Biden also said he would sign a series of executive

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COVID-19: Smart Education Market (2020-2024)- Roadmap for Recovery | Demand of Smart Education Solution to Boost the Market Growth

Technavio has been monitoring the smart education market and it is poised to grow by USD 117.71 bn during 2020-2024, progressing at a CAGR of almost 19% during the forecast period. The report offers an up-to-date analysis regarding the current market scenario, latest trends and drivers, and the overall market environment.

This press release features multimedia. View the full release here: https://www.businesswire.com/news/home/20200910005407/en/

Technavio has announced its latest market research report titled Global Smart Education Market 2020-2024 (Graphic: Business Wire)

Although the COVID-19 pandemic continues to transform the growth of various industries, the immediate impact of the outbreak is varied. While a few industries will register a drop in demand, numerous others will continue to remain unscathed and show promising growth opportunities. Technavio’s in-depth research has all your needs covered as our research reports include all foreseeable market scenarios, including pre- & post-COVID-19 analysis. Download a Free Sample Report on COVID-19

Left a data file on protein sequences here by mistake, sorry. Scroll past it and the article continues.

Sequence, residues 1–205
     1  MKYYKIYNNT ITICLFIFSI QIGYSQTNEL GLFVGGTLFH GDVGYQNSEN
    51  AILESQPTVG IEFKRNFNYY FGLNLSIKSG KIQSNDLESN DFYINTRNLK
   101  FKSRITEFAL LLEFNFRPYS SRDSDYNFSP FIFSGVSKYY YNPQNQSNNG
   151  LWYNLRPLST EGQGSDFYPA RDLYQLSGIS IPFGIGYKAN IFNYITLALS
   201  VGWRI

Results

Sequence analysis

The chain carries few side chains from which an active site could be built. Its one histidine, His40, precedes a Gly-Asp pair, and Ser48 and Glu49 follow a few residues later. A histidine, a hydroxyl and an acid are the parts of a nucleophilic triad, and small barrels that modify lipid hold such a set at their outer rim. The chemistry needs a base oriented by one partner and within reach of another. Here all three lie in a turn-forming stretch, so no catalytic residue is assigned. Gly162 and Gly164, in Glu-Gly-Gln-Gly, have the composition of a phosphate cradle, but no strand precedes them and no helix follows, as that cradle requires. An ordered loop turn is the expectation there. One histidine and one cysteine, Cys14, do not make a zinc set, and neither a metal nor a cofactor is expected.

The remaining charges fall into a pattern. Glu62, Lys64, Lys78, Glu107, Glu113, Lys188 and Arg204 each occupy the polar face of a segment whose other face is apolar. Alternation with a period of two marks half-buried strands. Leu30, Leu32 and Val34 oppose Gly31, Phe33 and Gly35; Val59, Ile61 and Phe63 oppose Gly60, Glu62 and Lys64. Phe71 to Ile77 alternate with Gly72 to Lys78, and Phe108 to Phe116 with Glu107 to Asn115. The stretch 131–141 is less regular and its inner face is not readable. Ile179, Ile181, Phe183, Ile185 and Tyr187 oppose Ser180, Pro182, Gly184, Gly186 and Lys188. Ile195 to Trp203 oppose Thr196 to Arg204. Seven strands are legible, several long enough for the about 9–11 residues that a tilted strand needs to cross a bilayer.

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Technology can boost your consistency and performance

When most golfers think about custom fitting, they think about drivers. The experience can be magical. A player and a trained fitter tinker with different head and shaft combinations, tweak lofts and adjust moveable weights. Presto, the ideal combination adds 15 yards of distance off tee and the golfer is hitting straighter shots.



a close up of a green fence: Putter Fitting


© Provided by Golfweek
Putter Fitting